In the meantime we have taken portraits of two additional bat species. Peter and his son Ben caught several Midas free-tailed bats (Mops midas) in their attic, and Koois brought us a pipistrelle trapped in his macadamia orchard which Peter has tentatively identified as a Zulu pipistrelle (Pipistrellus zuluensis). Getting the shots of slit-faced bats capturing stink bugs remains a major challenge. Stay tuned for further updates.
Merlin’s talks in Tennessee last weekend went really well. He received a standing ovation from a very appreciative audience at the All Taxa Biodiversity Index (ATBI) Conference organized by the nonprofit Discover Life in America. As a special treat, a group of schoolchildren and their parents and teachers came to the talk in Gatlinburg.
The following evening he gave a talk in beautiful Downtown Knoxville, where the mayor, Madeline Rogero, presented Merlin with a Proclamation recognizing his contributions. He signed copies of his latest National Geographic Article Call of the Bloom for lecture attendees.
We met many fine folks doing wonderful work to preserve the amazing biodiversity of The Great Smoky Mountain National Park, America’s most visited national park.
In a few hours we’re going to South Africa for more bat photography and conservation, and we’d love to take you along, so please subscribe to our blog!
DISCOVER LIFE IN AMERICA PRESENTS:
BAT CONSERVATION SPECIALIST MERLIN TUTTLE
Friday March 21, 2014 – Merlin Tuttle Keynote Address
Park Vista Hotel in Gatlinburg 6-9 p.m.
The Amazing World of Bats
Bats comprise nearly a quarter of all mammals. They come in an amazing variety, as cute as any panda or as strange as any dinosaur, from tiny bamboo bats that live in beetle holes to giant flying foxes with six-foot wingspans. They’re found nearly everywhere, are primary seed dispersers in both deserts and rain forests, pollinate some of the world’s most valuable crops and save American farmers billions of dollars annually in avoided pesticide use. They maintain long-term social relationships similar to those of humans, elephants and dolphins, share information and even adopt orphans.
If you’d like to learn more about these fascinating creatures, you won’t want to miss Dr. Merlin Tuttle’s talk, “The Amazing World of Bats.” His stunning photographs show bats courting mates, rearing young, emerging from beetle holes, pollinating crops and flowers, fishing, catching insects and much more.
Introduced to the study of bats in Knoxville while a student at the University of Tennessee, Tuttle has now traveled the world for more than 50 years studying and photographing hundreds of species of bats, from bizarre to beautiful. His extraordinary photographs have been published and exhibited worldwide, including in five National Geographic articles. His latest is scheduled to appear in the March 2014 issue. He founded Bat Conservation International and has been an invited speaker at America’s most prestigious institutions, from Harvard and Princeton Universities to the National Geographic Society and Smithsonian.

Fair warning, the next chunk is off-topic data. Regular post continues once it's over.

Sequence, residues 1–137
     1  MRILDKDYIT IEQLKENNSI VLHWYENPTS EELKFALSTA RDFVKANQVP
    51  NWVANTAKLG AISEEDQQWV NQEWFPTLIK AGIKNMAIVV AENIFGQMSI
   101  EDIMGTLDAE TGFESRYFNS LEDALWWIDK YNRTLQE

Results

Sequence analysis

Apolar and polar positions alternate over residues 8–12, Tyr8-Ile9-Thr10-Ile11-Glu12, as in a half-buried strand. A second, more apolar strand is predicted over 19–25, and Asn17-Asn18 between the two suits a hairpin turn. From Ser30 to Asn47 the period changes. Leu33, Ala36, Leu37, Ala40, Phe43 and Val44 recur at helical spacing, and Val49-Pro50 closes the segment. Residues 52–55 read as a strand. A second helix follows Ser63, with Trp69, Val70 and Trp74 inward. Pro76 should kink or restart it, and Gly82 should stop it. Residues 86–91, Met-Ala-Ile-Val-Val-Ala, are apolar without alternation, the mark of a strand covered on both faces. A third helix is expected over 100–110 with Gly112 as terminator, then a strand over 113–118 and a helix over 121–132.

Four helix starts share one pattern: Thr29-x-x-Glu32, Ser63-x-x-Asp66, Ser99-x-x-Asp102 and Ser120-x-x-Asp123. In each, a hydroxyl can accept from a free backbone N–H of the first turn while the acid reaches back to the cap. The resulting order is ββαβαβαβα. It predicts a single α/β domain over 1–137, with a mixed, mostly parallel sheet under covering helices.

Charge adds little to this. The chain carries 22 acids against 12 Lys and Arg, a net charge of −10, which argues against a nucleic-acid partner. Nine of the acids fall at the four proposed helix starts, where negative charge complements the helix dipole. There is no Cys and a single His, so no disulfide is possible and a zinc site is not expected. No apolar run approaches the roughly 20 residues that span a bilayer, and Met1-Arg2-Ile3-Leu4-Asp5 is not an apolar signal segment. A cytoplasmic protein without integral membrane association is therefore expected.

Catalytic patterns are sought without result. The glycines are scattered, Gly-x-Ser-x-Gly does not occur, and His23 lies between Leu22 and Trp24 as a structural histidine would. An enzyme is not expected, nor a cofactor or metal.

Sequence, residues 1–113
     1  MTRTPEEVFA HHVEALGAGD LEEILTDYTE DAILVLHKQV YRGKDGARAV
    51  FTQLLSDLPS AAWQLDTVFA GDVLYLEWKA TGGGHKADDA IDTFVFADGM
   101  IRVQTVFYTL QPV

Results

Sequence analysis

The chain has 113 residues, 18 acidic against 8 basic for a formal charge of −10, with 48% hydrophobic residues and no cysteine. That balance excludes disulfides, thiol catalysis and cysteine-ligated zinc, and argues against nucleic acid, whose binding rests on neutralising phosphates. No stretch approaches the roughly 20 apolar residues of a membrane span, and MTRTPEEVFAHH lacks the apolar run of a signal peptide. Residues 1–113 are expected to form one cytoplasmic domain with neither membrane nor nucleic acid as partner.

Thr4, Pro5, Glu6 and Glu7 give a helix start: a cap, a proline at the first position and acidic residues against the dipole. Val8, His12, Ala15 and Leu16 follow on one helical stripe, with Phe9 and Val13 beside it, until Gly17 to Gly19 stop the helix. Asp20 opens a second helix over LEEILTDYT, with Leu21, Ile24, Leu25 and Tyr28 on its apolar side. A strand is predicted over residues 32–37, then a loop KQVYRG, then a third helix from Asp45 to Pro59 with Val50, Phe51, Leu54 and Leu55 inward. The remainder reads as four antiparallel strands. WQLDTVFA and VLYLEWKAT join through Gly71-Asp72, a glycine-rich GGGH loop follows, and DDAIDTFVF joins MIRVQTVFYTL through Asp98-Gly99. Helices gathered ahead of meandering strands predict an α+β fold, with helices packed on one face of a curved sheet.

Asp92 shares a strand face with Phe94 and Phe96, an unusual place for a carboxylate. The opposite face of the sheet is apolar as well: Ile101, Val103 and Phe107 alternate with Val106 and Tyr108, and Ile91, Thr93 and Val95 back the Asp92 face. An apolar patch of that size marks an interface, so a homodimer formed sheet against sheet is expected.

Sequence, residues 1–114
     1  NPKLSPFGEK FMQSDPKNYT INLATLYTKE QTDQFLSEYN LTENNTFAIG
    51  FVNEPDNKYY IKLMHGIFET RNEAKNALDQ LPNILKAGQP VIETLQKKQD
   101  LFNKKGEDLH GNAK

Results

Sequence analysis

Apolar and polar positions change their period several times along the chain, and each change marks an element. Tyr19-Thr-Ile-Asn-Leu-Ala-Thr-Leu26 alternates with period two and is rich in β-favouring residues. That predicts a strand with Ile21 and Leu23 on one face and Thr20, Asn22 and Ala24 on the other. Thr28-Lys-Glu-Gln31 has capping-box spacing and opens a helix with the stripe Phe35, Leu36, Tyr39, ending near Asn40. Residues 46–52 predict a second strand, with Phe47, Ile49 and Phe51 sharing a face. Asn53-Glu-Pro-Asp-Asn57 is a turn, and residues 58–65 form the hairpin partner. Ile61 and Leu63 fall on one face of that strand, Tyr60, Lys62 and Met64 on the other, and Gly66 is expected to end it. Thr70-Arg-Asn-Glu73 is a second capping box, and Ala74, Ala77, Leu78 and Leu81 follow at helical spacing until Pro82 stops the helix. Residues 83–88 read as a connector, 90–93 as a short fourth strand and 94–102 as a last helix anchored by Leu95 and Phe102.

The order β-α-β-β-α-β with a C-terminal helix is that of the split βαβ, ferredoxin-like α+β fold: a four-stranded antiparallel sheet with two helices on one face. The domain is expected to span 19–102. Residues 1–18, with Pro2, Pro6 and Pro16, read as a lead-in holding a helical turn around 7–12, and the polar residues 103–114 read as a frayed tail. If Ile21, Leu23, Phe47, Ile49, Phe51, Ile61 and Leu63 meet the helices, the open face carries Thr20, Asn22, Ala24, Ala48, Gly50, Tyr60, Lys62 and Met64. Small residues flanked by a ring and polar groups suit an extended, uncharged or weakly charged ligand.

Keynote address includes reception, silent auction with food and drink.
For those not attending the conference there is a $10 fee.
Saturday March 22, 2014 – Merlin Tuttle Knoxville Reception at the East TN History Center – 5-7 p.m.
A National Geographic Preview—Flowers that guide bat echolocation, the story behind the story
Dr. Merlin Tuttle has lectured at most of America’s premier institutions and his fifth National Geographic article is scheduled to appear in the March 2014 issue. The article features recent discoveries of highly sophisticated floral adaptations that acoustically guide echolocating bats to specific sites in flowers, ensuring exclusive bat pollination. Tuttle worked in Costa Rica, Cuba and Ecuador, taking more than 20,000 images for this story. He will share his spectacular, high-speed action photos as well as highlights of the challenges and techniques involved in getting these images.
Reception includes food, drinks and a signed copy of National Geographic (the first 100 paying attendees). Cost $25.
DLIA’s All Taxa Biodiversity Inventory (ATBI) Conference highlights the amazing biodiversity research happening in Great Smoky Mountains National Park. For more information call 865-430-4757 or visit our web site at Discover Life in America www.dlia.org.
DLIA’s mission is to discover and understand America’s species through science and education for conservation. DLIA’s flagship project, the ATBI, is a joint effort with the National Park System to identify and record every single species within the park. To date DLIA has assisted in adding 7,636 new species to the park’s records and 926 new to science.
To download the announcement, click here MerlinTuttleprogramsinformation